Feb. 7th, 2014

import_that: XKCD guy flying with Python (Default)
One topic which comes up from time to time, usually generating a lot of heat and not much light, is the question of how Python passes values to functions and methods. Usually the question is posed as "Does Python use pass-by-reference or pass-by-value?".

The answer is, neither. Python, like most modern object-oriented languages, uses an argument passing strategy first named by one of the pioneers of object-oriented programming, Barbara Liskov, in 1974 for the language CLU. Liskov named it pass-by-object-sharing, or just pass-by-sharing, but the actual strategy is a lot older, being the same as how Lisp passes arguments. Despite this august background, most people outside of Python circles have never heard of pass-by-sharing, and consequently there is a lot of confusion about argument passing terminology.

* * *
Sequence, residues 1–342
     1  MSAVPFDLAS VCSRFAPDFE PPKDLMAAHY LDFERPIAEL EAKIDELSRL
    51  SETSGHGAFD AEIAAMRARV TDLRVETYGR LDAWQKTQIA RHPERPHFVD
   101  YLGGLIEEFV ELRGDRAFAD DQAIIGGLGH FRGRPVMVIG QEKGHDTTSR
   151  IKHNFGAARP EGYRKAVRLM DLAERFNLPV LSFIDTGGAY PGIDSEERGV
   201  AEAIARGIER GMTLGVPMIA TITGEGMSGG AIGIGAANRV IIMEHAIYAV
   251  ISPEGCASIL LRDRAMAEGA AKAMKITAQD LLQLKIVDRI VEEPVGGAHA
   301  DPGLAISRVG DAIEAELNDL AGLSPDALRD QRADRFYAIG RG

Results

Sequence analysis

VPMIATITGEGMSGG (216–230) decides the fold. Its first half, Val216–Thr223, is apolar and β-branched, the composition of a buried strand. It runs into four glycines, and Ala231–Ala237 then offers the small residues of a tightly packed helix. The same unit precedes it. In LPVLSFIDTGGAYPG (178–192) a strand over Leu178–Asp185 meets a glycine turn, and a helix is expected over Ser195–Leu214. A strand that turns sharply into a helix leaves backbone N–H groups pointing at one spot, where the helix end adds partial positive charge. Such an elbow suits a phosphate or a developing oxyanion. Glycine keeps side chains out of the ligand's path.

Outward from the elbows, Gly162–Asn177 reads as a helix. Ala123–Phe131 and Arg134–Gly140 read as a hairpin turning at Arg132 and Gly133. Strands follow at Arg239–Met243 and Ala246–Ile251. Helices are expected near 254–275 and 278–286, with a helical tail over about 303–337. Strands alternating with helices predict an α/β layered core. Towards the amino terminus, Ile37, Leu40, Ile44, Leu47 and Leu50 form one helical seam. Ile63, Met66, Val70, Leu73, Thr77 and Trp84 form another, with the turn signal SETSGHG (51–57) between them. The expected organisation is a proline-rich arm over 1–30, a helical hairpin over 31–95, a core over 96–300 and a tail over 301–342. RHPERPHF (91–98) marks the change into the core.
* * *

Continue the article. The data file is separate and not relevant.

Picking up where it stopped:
Let's start by looking at how people get confused. Let's start by "proving" that Python is pass-by-value (also know as call-by-value), then we'll "prove" that Python is pass-by-reference (call-by-reference). It's actually neither, but if you think that there are only two ways to pass arguments to a function, you might be fooled into thinking Python uses both. Read more... )

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import_that: XKCD guy flying with Python (Default)
Steven D'Aprano

May 2015

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